Sustainable biofuels have an important role to play in Africa’s development. Sugarcane bioethanol is currently the most cost-effective commercial biofuel and has the highest energy balance. The bioethanol industry, like sugar production, has matured in technological terms.

IRENA’s Renewable Energy Innovation Outlook series analyses the emerging developments making renewable energy technologies (RETs) increasingly competitive in the world’s energy markets and systems.

The transition to renewables cuts across the entire urban energy landscape, from buildings to transport, to industry and power. Renewables can bring tremendous benefits to cities, including cleaner air, modern services and improved living spaces.

The number of people without access to electricity is estimated at more than a billion, while almost 2.9 billion still rely on traditional, unsustainable biomass sources such as firewood for cooking and heating. About 80% of those lacking modern energy access live in rural areas, which also host more than 70% of the world’s poor.

Africa has abundant renewable energy resources. Traditionally reliant on hydropower, the continent is turning to solar photovoltaics (PV) to bolster energy security and support rapid economic growth in a sustainable manner.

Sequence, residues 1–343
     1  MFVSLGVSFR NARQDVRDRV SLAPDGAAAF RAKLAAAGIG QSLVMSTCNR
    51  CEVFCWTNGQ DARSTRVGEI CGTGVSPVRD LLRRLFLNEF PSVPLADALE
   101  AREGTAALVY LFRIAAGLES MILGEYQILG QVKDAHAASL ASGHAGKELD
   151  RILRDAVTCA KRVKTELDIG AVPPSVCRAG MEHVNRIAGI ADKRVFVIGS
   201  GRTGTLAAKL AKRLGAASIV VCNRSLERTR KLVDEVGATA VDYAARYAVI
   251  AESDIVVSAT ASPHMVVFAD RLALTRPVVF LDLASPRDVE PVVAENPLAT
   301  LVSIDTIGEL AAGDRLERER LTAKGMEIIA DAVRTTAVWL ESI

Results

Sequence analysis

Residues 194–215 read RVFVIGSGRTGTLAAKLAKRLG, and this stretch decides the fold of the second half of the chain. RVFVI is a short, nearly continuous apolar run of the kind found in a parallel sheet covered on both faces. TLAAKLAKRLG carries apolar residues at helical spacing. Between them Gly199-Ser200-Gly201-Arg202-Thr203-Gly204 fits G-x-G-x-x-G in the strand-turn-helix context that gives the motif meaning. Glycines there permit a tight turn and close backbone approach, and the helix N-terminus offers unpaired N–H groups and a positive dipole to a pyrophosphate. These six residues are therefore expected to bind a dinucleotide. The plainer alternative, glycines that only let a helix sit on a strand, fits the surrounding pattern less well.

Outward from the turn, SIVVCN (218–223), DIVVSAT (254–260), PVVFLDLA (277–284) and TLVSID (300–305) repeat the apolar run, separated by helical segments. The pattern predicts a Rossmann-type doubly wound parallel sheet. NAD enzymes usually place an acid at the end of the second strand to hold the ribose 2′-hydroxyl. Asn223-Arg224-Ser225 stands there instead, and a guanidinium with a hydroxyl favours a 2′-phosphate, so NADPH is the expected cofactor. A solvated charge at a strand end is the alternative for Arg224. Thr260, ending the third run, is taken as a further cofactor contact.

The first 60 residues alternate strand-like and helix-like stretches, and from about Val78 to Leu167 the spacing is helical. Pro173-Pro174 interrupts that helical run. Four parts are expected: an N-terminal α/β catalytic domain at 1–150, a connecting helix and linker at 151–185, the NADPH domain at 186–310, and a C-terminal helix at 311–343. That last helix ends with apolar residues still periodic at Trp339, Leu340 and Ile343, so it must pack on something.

Access to electricity is vital for socio-economic development. But power cannot be extended to everyone solely through national electricity grids. Off-grid renewable energy solutions are crucial to achieve universal access to electricity.

Energy use in transport accounts for around one-third of global final energy consumption, and demand is growing rapidly, at about 1% annually. Transport has the lowest renewable energy share of any sector, making progress in this area crucial for the global transition to a sustainable energy system.

The International Renewable Energy Agency (IRENA) has set out to produce comprehensive, reliable data sets on renewable energy capacity and use worldwide. The 2016 Renewable Energy Statistics Yearbook shows data sets on renewable power-generation capacity for 2006-2015, renewable power generation for 2006-2014 and renewable energy balances for 100 countries and areas for 2013 and 2014. Further, it features statistics on investments in renewable energies from 18 major multi-lateral, bilateral and national development financial institutions presented for the period 2009-2014.

The Group of Twenty (G20) has a leading role in technology development and innovation that can help to accelerate renewable energy deployment. The financing institutions within the G20 represent the bulk of the global financing system.

Scaling up renewable energy calls for mobilising a massive investment increase. Renewables bring far reaching benefits in terms of human health, energy access, environmental protection and the response to climate change, along with the potential to create new jobs around the world.